America has the greatest freight rail network in the world. Our system is the most efficient of its kind and essentially relies on no subsidies from the federal government. More than a century ago, America's railroads ushered in the great advancements in industry that sparked America's emergence as an economic power on the world stage. America's railroads revolutionized transportation, gave promise to freedom of movement and made business more efficient.
Today, we find ourselves in the midst of a freight rail renaissance. America's freight railroads carried more than 2.26 billion tons of freight in 36 million cars over 140,000 miles of track in 2008. Dollar for dollar, the freight rail industry carried this cargo more efficiently and at a lower operating cost than other modes of transportation, with rail fuel efficiency up 94 percent since 1990.
Railroad's resurgence could not have come at a better time. Highway congestion and environmental concerns have become increasingly important, and railroads are an effective means of mitigating both issues. A single freight train takes 280 trucks off the road and can move a ton of goods 457 miles on one gallon of diesel. If just 10 percent of the trucks on the road were shifted to freight rail, America would save 1 billion gallons of fuel each year.
This massive gain in fuel economy has an equally important environmental benefit. Freight rail is one of the greenest modes of transportation available. According to recent statistics, if just 10 percent of freight was switched from long-haul trucks to rail, greenhouse gas emissions would fall by more than 12 million tons. You'd need to plant more than 280 million trees to equal what freight rail can do.
Credit also has to be given to CSX Corp. and Norfolk Southern Corp. for their efforts in developing the National Gateway and Crescent Corridor. CSX's National Gateway will convert more than 14 billion highway miles to rail. It is expected that this system will reduce fuel consumption by 2 billion gallons and shipping costs by $3.5 billion. Norfolk Southern's Crescent Corridor will similarly reduce carbon emissions by 2 million tons per year and save 170 million gallons of gas annually.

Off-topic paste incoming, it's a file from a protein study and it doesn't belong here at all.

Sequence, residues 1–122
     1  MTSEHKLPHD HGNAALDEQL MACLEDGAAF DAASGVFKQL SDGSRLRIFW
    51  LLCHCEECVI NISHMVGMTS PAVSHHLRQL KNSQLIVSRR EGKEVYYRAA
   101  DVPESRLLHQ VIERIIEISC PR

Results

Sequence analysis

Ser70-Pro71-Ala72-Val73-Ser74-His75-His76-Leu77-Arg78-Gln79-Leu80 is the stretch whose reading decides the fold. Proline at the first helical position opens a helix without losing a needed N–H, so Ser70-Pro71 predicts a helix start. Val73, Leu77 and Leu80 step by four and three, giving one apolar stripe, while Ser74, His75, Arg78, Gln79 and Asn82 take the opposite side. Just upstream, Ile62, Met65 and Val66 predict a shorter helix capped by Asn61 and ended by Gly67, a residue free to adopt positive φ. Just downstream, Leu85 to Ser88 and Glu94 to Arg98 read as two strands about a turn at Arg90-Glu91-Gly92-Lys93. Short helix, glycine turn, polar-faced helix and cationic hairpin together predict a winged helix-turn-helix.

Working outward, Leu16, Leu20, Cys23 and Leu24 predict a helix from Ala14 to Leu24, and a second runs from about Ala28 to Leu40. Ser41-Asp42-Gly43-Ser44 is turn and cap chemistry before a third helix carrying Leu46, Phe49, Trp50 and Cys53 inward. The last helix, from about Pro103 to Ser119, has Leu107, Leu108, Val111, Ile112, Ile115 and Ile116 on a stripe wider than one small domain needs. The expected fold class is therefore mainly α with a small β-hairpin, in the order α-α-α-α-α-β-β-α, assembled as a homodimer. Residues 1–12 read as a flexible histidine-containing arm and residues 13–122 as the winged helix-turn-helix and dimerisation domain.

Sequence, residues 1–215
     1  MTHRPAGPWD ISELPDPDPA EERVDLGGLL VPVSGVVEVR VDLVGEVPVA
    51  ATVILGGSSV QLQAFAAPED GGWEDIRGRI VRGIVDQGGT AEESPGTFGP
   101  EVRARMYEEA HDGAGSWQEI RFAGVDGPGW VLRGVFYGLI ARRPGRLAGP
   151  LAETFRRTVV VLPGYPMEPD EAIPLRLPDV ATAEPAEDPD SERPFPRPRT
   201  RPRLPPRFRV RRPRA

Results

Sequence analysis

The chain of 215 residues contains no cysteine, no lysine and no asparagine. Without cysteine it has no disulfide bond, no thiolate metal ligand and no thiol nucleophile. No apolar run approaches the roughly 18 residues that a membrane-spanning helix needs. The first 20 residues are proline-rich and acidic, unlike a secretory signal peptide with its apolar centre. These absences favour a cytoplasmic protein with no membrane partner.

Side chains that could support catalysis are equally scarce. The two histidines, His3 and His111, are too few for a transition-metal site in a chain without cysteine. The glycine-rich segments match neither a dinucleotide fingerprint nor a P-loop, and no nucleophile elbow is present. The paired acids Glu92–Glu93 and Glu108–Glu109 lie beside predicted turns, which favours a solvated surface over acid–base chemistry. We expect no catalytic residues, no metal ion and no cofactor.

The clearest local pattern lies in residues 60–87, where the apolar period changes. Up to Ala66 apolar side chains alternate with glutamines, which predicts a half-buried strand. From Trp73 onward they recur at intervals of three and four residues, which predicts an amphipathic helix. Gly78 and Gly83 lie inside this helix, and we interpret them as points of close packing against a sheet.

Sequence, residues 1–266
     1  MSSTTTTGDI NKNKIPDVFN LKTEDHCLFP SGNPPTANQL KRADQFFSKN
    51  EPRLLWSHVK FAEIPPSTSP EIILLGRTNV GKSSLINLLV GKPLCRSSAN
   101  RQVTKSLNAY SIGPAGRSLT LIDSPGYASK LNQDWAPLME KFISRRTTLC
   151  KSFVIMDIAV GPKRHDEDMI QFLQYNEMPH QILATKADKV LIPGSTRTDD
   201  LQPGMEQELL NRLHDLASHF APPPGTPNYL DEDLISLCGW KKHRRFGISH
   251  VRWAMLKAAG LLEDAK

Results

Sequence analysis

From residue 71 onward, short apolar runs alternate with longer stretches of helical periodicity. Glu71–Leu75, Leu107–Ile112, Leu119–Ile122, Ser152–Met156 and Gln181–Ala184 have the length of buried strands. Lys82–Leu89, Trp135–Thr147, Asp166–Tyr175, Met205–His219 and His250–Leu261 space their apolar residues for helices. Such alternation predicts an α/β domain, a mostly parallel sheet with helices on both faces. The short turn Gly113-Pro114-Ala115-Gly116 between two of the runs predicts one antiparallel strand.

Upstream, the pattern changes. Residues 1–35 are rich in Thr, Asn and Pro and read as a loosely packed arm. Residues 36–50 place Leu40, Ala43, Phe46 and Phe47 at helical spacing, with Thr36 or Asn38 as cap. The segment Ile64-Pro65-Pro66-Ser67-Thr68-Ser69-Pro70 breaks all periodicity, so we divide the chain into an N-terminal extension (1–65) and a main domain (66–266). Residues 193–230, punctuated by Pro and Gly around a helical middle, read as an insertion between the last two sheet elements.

Yet given its successes and self-reliance, the railroad industry finds itself back in Congress' cross hairs. The question is this: Will America's railroads continue to be given the freedom necessary to grow their industry without direct interference by the federal government, or will Congress reregulate the industry?
Reregulation would be a potentially catastrophic public policy that could erase 30 years of positive growth and threaten to reduce the railroads to ruinous decreases in services and disinvestment not seen since the 1970s. I firmly believe that if Congress reregulates rail, it will be only a matter of time before our once self-reliant railroads are forced to rely on taxpayer dollars to invest in infrastructure and safety improvements as federal mandates mount.
If railroads are not free to put their dollars into the projects that make the most economic sense and are instead forced to spend their profits complying with legislative mandates, the long-term viability of the industry is threatened.
Instead of penalizing the rail industry for its success, Washington should be promoting new investment to keep America's railroads in the driver's seat of the global economy. That's why I support tax credits for the expansion and rehabilitation of the nation's rail infrastructure.
Tax credits are a proven policy tool to encourage businesses to invest in worthwhile projects. Because the railroads still pay for their projects under tax credit plans, tax credits ensure that the railroads will only pursue projects that make sense. Direct grants, on the other hand, could be seen as "free money" that would not be subject to the same rigorous business decisions. There are two tax credit bills that I support, including a 25 percent tax credit for rail projects that expand the rail network and ease congestion, and a short line tax credit that expired at the end of last year.
America's railroads are at a crossroads. The direction that Congress moves will have a lasting effect on American competitiveness. Washington must resist the urge to overregulate an industry that has proven to be largely self-sufficient and capable of weathering economic stress. I will do my part as a member of the Transportation and Infrastructure Committee to make sure it does not happen.
Rep. Bill Shuster (R-Pa.) is a member of the Transportation and Infrastructure Committee and ranking member of the Subcommittee on Railroads, Pipelines and Hazardous Materials.